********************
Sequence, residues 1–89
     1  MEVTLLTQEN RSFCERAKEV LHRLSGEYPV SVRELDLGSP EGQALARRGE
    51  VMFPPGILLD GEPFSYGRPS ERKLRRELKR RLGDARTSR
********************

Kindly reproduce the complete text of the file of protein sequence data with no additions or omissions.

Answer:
Sequence, residues 1–89
     1  MEVTLLTQEN RSFCERAKEV LHRLSGEYPV SVRELDLGSP EGQALARRGE
    51  VMFPPGILLD GEPFSYGRPS ERKLRRELKR RLGDARTSR